via some particular means or doing if-then testing). Taking action to
correct deviations from the program would seem to require either starting
the program over or backing up to the point of failure and executing the
failed step correctly. The steps have to be represented and stored in some
way -- is this a role for associative memory? It seems to me that the scalar
signal proposal would require starting the program over when there's a
mismatch, although I'm not confident in that assertion.

Exactly. You really need a second program-recognizer to see if the first one is doing it correctly. That doesn't look like progress to me.

  We just have to try to figure out SOME way to do it. That may not be how the brain does it, but if we succeed we have shown there is at least one way to do it. That's better than not being able to find any way. W. Ross Ashby recogized this problem. His first book on control processes in the brain was not called "Control processes in the brain." It was called "Design for a brain." He explained that he didn't know how a real brain is organized, but this design seemed to capture some features of brain organization.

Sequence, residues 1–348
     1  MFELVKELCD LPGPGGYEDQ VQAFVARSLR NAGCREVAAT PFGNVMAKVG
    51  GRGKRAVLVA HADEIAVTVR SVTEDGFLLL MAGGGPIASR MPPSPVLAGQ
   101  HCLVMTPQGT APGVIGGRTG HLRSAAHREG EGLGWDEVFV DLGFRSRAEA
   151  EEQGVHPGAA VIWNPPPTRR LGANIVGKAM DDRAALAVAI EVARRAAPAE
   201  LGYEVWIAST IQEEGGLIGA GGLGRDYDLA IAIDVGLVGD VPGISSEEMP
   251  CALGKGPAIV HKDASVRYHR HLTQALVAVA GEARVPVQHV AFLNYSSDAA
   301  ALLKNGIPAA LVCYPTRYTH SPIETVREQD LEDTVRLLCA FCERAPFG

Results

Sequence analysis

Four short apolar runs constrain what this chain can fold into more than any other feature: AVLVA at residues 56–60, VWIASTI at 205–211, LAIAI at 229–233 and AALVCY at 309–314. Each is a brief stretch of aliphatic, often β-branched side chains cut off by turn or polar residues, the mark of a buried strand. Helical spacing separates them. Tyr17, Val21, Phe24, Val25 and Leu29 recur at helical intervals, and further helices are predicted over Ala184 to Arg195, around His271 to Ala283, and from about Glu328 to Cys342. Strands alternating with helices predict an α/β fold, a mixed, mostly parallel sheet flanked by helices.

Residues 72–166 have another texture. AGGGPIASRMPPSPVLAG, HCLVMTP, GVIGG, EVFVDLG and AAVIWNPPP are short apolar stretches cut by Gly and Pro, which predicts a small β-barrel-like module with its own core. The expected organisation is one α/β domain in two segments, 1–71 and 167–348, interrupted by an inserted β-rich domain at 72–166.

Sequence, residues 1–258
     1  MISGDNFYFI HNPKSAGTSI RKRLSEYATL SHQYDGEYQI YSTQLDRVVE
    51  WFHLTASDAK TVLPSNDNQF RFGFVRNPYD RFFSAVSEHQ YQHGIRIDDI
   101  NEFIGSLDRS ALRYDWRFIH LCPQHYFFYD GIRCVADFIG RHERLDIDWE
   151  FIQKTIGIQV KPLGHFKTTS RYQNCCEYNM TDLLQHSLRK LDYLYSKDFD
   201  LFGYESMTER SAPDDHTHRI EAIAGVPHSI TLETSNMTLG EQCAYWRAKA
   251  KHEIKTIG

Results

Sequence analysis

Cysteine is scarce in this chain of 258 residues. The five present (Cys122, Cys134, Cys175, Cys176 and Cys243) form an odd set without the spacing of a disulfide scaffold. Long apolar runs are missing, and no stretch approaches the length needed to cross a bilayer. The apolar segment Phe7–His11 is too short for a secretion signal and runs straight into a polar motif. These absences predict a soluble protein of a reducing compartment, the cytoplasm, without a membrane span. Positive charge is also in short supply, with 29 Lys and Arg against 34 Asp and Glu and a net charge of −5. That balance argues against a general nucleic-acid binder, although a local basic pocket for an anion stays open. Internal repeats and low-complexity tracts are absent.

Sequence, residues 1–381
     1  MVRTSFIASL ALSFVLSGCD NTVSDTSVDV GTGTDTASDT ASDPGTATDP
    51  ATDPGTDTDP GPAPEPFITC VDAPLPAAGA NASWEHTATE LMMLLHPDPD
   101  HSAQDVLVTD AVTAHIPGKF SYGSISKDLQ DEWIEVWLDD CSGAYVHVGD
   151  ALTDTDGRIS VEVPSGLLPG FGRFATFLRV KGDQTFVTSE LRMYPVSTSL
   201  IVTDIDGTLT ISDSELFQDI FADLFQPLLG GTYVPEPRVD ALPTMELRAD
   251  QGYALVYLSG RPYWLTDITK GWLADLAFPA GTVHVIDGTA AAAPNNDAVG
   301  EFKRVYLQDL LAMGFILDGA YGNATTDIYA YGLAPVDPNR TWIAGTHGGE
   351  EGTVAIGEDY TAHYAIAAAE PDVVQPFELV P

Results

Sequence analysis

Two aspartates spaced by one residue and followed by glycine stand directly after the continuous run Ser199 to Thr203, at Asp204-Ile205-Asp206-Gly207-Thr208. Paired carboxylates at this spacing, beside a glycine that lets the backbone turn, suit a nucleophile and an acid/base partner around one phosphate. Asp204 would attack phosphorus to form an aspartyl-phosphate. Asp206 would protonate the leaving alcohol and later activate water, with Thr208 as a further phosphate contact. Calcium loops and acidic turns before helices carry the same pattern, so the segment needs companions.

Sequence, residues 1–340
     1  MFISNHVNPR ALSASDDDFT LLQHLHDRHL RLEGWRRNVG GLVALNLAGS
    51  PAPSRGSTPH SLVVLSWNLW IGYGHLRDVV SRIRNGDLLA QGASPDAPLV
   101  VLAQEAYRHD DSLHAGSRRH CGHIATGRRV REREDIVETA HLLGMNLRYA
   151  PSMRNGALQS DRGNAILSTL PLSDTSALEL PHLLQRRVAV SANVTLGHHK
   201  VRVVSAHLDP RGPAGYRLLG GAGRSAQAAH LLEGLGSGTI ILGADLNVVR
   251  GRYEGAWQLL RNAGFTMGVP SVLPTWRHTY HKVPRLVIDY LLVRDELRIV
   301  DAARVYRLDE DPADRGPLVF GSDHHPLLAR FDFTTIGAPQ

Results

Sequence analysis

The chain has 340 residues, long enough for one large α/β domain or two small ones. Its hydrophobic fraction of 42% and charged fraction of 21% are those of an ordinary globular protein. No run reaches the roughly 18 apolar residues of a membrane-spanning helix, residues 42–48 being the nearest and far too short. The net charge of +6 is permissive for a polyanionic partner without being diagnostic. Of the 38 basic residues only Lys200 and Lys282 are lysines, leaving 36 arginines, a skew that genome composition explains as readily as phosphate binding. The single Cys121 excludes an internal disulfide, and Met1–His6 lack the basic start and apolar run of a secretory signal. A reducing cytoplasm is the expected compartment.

Rick's way of testing for program perception is a start. It may not show how programs are perceived, but it shows that there is something there to perceive and that the bandwidth is lower than that of lower-level systems, as it should be if the theory is right. I think we have to recognize how ignorant we are and show a little humility in picking problems to solve. When you go for the big score right from the start, all you do is engage in fantasies. We can see problems that nobody is going to solve in our lifetimes. Let's do what we can do well, not mess around with exaggerated claims and do everything halfway, sloppily, and in the wrong ballpark.

> >[Bruce] In most cases it seems that we develop the program "on the fly,"
> >according to whether it seems to be succeeding or not to bring about
> >the desired end-state.
>
> [Rick] I agree. But in this case I don't think we're controlling a program;
> we're just reorganizing and it looks like "changing the program". I